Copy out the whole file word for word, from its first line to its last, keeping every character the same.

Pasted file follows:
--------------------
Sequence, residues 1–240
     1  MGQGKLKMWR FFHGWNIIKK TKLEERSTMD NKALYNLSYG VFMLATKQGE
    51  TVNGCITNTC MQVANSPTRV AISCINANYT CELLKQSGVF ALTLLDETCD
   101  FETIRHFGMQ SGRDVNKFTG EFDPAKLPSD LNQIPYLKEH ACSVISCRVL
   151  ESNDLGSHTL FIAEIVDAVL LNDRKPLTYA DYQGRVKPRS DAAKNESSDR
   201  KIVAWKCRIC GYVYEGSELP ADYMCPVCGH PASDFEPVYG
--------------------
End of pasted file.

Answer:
Sequence, residues 1–240
     1  MGQGKLKMWR FFHGWNIIKK TKLEERSTMD NKALYNLSYG VFMLATKQGE
    51  TVNGCITNTC MQVANSPTRV AISCINANYT CELLKQSGVF ALTLLDETCD
   101  FETIRHFGMQ SGRDVNKFTG EFDPAKLPSD LNQIPYLKEH ACSVISCRVL
   151  ESNDLGSHTL FIAEIVDAVL LNDRKPLTYA DYQGRVKPRS DAAKNESSDR
   201  KIVAWKCRIC GYVYEGSELP ADYMCPVCGH PASDFEPVYG